A back arrow

All Articles

The show must go on

The show must go on

Lauren Durham ’22 August 17, 2020

Because of COVID-19, summer internships were hard to come by for many Flyers this summer. Michael Sticka ’06, president of the GRAMMY Museum in Los Angeles, saw the need for opportunities and offered a virtual internship designed for a UD student.

GRAMMY museum buildingSticka’s original plan had been to host students at the GRAMMY Museum during the spring Flyers in Hollywood trip, an annual event that brings alumni working in the entertainment industry together with current students preparing for their dreams to do the same. The trip is also a great opportunity for students to makes connections for internships or jobs in the field.

“I felt badly for the students that they weren’t going to be able to experience that this year,” Sticka said, “so I thought maybe the next best thing was to offer up an internship that was mutually beneficial.”

Lexie BarellaLexie Barella, a senior communication major with a concentration in public relations, was exactly the type of student Sticka was look for.

Barella heard about the opportunity through an email sent to communication majors and applied for the position after her original internship was canceled. Joe Valenzano III, chair of the department and Flyers in Hollywood coordinator, helped organize the application process and choose the candidate.

Barella has been assisting multiple departments within the GRAMMY Museum. She has helped with promotions and sponsorships, media impressions and press information — all virtually from her home in Chicago.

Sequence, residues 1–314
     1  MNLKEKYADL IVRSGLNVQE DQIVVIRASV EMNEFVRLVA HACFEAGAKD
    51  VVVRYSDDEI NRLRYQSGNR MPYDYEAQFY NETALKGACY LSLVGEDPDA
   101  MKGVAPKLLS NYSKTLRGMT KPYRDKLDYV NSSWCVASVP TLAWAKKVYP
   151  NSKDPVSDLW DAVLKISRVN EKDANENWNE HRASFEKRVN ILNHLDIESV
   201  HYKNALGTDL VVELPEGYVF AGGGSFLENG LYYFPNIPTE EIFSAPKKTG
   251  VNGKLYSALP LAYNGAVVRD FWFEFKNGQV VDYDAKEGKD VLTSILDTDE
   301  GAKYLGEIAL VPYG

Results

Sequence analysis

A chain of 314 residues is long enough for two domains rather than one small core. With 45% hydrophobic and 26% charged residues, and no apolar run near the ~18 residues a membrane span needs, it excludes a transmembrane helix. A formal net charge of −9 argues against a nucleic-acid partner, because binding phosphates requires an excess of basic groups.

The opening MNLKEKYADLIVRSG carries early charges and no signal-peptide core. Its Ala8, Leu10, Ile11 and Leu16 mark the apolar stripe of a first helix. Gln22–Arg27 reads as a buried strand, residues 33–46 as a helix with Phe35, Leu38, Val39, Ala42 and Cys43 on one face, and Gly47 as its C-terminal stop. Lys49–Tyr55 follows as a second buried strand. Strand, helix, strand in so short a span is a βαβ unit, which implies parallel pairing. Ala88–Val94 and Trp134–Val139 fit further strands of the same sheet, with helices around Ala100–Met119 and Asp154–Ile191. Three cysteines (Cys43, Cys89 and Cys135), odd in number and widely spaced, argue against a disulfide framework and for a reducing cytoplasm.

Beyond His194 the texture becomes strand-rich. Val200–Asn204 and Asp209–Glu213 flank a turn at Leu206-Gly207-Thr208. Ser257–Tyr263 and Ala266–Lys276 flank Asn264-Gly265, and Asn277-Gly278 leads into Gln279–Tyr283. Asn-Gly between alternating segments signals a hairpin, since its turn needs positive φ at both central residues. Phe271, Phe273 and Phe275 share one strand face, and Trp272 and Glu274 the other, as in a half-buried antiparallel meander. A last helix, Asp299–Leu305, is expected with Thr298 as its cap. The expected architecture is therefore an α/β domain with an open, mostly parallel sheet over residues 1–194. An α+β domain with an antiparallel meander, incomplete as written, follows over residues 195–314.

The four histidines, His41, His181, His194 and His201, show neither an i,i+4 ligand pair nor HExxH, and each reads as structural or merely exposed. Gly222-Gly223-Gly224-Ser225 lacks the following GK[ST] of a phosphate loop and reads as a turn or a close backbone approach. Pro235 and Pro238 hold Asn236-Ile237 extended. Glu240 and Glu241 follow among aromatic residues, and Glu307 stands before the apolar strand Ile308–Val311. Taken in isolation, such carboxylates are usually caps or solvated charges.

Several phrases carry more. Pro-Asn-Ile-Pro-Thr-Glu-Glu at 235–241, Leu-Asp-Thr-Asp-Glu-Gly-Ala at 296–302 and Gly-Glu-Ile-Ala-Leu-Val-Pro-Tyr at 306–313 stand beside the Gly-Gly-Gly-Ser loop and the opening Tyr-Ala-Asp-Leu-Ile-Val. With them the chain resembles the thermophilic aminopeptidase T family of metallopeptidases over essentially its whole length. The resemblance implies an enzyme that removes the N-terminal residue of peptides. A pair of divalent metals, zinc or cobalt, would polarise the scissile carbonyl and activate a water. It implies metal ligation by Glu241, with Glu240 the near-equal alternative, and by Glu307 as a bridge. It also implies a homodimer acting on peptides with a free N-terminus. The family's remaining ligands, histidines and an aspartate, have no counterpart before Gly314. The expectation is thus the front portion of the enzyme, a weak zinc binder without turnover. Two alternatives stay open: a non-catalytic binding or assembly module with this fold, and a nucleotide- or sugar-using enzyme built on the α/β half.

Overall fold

“I’ve never been to the GRAMMY Museum, and they are in LA,” Barella said. “All in all, understanding who they are and what their mission is remotely is more challenging.”

That being said, Barella said she has thoroughly enjoyed the position and has learned firsthand that distance only means so much.

“I really liked going on the phone calls because it’s interesting to see how the different companies do business. Me, I’m the fly on the wall, so it’s me just listening in and observing what’s happening,” said Barella, who has recently moved back to campus and is completing her internship from there.

Located in downtown Los Angeles in the LA LIVE district, the GRAMMY Museum typically sees a lot of foot traffic. As soon as the pandemic began in March, the museum quickly shifted to online experiences only. According to Sticka, that necessary change has been surprisingly beneficial for the organization.

Michael Sticka“One of the things I like to mention to people is when we do reopen the museum in LA, we’ll have two museums — we’ll have our physical museum and then we’ll have our digital museum,” Sticka said. “The digital museum is really where our scale and our growth has been and will continue to be.”

Since Sticka joined the GRAMMY Academy in 2014, UD’s ever-so important ideal of community has been in the forefront of his mind.

Sticka said, “One of the first things I did was create a community engagement department so we could really broaden our community outreach, and a lot of that came from my time and educational experience at UD.”

He looks forward to more partnerships and opportunities with the University in the near future.

Music keeps playing thanks to virtual internships